Robert Murray, MD and colleagues from Ohio State University, University of Vermont, and University of California San Diego reviewed articles, press releases, statements, and editorials from researchers and from representatives in the soft drink industry. Although no single factor can be cited as the sole cause, many of the articles showed a correlation between soft drink consumption and the risk of childhood obesity.
Dr. Murray points out that "the typical teen consumes approximately two-12 ounce cans of soft drinks per day, containing 300 calories and 20 teaspoons of sugar." Although current guidelines recommend a limit of 10% of daily calories from added sugars, they actually account for 18-20% of children's daily calories. Because even small amounts of sweetened drinks at home or at school can add up, soft drinks and sweetened fruit drinks account for 43% of these total added sugars. American children consume one-third of their daily calories from nutrient-poor, energy-dense snack foods, which makes nutritional deficiencies another area of concern. Children seem to be choosing soft drinks or sweetened fruit drinks instead of milk, which can decrease their levels of protein, calcium, zinc, and vitamins A and C.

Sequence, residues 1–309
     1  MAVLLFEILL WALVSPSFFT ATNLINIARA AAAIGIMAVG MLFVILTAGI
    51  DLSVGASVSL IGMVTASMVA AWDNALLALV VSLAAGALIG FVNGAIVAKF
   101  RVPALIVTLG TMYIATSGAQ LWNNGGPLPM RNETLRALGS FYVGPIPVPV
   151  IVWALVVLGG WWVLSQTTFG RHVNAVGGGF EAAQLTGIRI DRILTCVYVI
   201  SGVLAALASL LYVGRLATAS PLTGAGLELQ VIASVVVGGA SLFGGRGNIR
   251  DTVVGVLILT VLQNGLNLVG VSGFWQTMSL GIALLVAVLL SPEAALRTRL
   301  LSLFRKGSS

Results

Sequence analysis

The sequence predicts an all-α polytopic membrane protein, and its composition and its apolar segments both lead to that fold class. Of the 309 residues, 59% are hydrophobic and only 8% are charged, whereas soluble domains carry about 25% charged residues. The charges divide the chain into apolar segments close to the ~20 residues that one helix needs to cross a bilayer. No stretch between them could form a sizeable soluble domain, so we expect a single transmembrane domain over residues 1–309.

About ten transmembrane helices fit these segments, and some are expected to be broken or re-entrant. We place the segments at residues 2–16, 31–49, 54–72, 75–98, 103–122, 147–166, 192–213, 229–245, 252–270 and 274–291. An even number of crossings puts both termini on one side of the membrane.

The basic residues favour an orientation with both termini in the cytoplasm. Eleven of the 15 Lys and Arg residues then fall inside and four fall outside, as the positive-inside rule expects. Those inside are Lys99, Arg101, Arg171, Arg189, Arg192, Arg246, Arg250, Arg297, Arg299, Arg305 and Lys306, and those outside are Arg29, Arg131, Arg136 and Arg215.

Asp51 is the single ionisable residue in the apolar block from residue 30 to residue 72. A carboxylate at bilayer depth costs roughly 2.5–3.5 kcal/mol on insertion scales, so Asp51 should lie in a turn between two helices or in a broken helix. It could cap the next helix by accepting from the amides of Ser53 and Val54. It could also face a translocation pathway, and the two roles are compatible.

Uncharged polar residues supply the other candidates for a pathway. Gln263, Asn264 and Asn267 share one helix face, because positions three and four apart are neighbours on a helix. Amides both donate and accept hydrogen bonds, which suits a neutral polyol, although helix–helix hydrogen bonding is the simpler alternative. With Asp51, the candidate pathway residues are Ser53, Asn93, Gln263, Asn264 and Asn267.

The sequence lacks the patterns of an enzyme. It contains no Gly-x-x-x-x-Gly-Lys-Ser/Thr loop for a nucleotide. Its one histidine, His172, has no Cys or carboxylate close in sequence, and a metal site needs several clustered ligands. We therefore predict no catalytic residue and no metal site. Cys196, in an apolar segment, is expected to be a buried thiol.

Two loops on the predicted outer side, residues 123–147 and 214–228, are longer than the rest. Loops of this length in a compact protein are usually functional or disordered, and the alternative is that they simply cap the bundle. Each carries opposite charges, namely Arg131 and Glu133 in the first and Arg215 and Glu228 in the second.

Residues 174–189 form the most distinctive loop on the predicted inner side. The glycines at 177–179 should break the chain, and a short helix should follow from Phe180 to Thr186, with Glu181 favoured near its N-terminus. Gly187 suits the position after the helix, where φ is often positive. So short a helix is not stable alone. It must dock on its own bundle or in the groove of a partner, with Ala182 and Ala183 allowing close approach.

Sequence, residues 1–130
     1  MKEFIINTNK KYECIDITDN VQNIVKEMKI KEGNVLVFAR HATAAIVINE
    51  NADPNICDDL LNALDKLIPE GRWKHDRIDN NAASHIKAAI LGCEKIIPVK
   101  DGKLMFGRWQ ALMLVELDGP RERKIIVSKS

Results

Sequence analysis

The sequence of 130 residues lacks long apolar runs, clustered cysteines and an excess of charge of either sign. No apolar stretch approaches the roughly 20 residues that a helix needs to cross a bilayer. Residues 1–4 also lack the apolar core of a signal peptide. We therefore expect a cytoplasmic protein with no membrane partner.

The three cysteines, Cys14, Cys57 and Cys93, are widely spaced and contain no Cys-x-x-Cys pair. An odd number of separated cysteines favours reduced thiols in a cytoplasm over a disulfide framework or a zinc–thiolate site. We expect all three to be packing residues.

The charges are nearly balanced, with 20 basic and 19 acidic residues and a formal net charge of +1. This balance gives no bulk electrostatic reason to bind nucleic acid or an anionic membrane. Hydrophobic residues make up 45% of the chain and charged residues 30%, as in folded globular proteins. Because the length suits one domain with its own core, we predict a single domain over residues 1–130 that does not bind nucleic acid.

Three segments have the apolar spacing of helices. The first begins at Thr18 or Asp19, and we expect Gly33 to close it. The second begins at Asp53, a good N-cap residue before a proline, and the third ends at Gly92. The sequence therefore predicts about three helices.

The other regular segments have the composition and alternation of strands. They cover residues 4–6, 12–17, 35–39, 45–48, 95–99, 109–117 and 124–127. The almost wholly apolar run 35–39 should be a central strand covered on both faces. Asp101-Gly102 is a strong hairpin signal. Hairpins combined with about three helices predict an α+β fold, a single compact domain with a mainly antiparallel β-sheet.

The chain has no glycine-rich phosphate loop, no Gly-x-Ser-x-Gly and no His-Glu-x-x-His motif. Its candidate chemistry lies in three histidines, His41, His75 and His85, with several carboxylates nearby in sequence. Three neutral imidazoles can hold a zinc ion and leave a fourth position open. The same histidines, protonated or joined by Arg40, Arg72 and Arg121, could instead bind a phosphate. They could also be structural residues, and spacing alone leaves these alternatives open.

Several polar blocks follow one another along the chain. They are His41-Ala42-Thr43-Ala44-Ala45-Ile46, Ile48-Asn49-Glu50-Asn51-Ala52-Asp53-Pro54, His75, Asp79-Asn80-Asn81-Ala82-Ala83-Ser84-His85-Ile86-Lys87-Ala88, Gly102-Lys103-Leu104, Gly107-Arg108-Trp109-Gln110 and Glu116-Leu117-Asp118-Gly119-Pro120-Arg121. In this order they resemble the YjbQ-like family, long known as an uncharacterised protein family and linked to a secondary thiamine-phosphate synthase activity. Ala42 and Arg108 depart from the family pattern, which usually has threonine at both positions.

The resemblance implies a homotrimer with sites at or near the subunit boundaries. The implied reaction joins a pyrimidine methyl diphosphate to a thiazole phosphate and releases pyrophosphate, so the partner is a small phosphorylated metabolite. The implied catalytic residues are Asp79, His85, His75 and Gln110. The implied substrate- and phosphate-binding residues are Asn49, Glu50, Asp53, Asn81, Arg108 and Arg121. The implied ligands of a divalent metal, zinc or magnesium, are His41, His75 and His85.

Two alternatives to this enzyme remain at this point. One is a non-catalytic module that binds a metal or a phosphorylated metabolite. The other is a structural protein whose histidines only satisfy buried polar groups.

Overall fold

The American Academy of Pediatrics Committee on School Health has stated that the consumption of soft drinks in schools can lead to obesity. Despite this, one study showed that out of 523 school districts, 50% had a contract with a soft drink company; two
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Elsevier Health Sciences